Quintero Community Association Inc. et al v. Federal Deposit Insurance Corporation as Receiver for Hillcrest Bank et al
ORDER CLARIFYING THE COURT'S MAY 18TH ORDER re 46 Plaintiffs' motion to clarify. Plaintiffs shall submit a consolidated petition on or before June 15, 2012. Signed on 5/25/12 by District Judge Greg Kays. (Francis, Alexandra)
IN THE UNITED STATES DISTRICT COURT FOR THE
WESTERN DISTRICT OF MISSOURI
ASSOCIATION, INC., et al.,
HILLCREST BANK, et al.,
ORDER CLARIFYING THE COURT’S MAY 18th ORDER
Pending before the Court is Plaintiffs’ “Motion to Reconsider or Otherwise Clarify the
Court’s May 18th Order and for Extension of Time” (Doc. 46). In the Court’s May 18th Order
(Doc. 45), the Court ordered Plaintiffs to file an amended petition, “includ[ing] all allegations
against all Defendants, except those for whom a default judgment has already been rendered.”
Plaintiffs now ask the Court to reconsider its order, arguing that “in granting relief to one set of
defendants in one case the Court has reached across to a different case and granted unrequested
relief to a different defendant.”
The Court disagrees with Plaintiffs’ characterization of this case. Plaintiffs argue that the
Court has no authority to sua sponte order them to repudiate or amend their Second Amended
Petition after the Defendant FDIC has answered it. However, to the Court’s best knowledge,
Plaintiffs’ Second Amended Petition was never properly filed.1 If a Second Amended Petition
The Court recognizes that the FDIC responded to what it titled, “Plaintiffs’ Second Amended Petition” in its
December 6, 2011 Answer (Doc. 12). However, although the state court granted Plaintiffs’ motion to file a Second
Amended Complaint against the FDIC on January 4, 2011, the Court finds no evidence that a Second Amended
Complaint was ever properly filed in state court or in this Court.
was properly filed, Plaintiffs should provide the Court with a copy of this document and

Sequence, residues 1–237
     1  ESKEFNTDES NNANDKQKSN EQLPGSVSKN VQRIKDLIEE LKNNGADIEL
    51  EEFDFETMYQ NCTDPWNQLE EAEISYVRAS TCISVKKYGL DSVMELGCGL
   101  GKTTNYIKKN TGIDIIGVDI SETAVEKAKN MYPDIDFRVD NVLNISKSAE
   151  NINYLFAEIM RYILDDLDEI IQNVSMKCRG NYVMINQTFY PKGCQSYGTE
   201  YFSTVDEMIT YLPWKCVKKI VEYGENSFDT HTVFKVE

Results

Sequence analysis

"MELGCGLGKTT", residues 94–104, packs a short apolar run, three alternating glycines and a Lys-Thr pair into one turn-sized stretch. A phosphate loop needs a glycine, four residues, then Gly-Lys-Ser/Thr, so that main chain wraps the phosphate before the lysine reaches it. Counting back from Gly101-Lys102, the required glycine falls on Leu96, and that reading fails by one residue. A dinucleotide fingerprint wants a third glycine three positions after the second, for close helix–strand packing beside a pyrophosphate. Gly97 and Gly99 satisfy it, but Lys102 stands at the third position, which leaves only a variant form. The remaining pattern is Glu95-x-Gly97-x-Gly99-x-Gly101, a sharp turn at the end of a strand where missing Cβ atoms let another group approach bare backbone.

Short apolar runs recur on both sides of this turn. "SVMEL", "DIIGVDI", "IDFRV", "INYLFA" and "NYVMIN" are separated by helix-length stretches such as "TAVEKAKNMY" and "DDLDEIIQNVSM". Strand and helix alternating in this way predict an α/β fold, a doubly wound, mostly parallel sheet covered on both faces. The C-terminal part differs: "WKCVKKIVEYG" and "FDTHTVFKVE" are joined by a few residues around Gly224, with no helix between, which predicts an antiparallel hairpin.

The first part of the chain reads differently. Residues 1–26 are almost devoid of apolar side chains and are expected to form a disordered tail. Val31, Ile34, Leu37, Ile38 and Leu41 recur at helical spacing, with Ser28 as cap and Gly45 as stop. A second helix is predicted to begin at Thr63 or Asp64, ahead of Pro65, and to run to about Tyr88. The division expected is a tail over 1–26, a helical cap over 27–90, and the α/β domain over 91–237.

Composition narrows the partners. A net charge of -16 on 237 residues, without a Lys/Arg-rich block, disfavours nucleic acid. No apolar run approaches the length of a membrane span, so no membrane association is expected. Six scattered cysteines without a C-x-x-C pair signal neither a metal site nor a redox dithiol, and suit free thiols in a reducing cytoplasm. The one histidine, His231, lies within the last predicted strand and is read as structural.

evidence of when it was filed.2
Secondly, the Court notes that it did not order Plaintiffs to amend their petition sua
sponte. Rather, the FDIC itself complained that Plaintiff had never filed an amended complaint:
To date, plaintiffs have not filed an amended complaint. At this time, it is
unknown how plaintiffs will amend their claims in order to more clearly narrow
and define their claims. The discovery process will be eased on all parties if the
scope of the issues and parties involved in the case are narrowed and more clearly
defined as is expected by plaintiffs’ amended petition.
(Doc. 27). It is unclear whether the FDIC is referring to Plaintiffs’ complaint against the
Hillcrest Board of Directors, Plaintiffs’ original complaint against the FDIC, or Plaintiffs’
alleged “Second Amended Complaint” against the FDIC which was never properly filed. What
is clear is that this case has become unnecessarily complicated. The efficient administration of
justice requires that Plaintiffs allegations against each Defendant be clearly made.
Accordingly, the Court orders that one petition be filed that is non-duplicative and clearly
states each claim against each Defendant. In combining the two petitions against the FDIC and
Hillcrest Board of Directors, the Court does not expect Plaintiffs to rewrite the complaints
entirely. What the Court seeks is for Plaintiffs to clarify their claims against the Hillcrest Board
of Directors, as requested by those Defendants in Doc. 31, and to combine those allegations with
their claims against the FDIC in one petition so that the Court and parties can avoid the
duplication and unnecessary complexity of multiple petitions, some of which are properly filed